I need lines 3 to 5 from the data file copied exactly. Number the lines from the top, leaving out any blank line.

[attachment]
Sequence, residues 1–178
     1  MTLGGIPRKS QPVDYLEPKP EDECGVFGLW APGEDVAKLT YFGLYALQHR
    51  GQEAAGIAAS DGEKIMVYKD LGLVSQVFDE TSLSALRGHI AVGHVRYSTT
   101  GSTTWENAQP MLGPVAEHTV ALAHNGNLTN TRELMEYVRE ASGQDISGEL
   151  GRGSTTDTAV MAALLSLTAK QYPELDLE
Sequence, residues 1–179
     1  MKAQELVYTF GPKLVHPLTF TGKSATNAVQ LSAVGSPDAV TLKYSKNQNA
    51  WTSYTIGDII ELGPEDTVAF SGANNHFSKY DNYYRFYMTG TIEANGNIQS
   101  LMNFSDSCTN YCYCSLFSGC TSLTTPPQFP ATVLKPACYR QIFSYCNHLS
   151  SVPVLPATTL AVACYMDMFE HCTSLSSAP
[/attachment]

    51  GQEAAGIAAS DGEKIMVYKD LGLVSQVFDE TSLSALRGHI AVGHVRYSTT
   101  GSTTWENAQP MLGPVAEHTV ALAHNGNLTN TRELMEYVRE ASGQDISGEL
   151  GRGSTTDTAV MAALLSLTAK QYPELDLE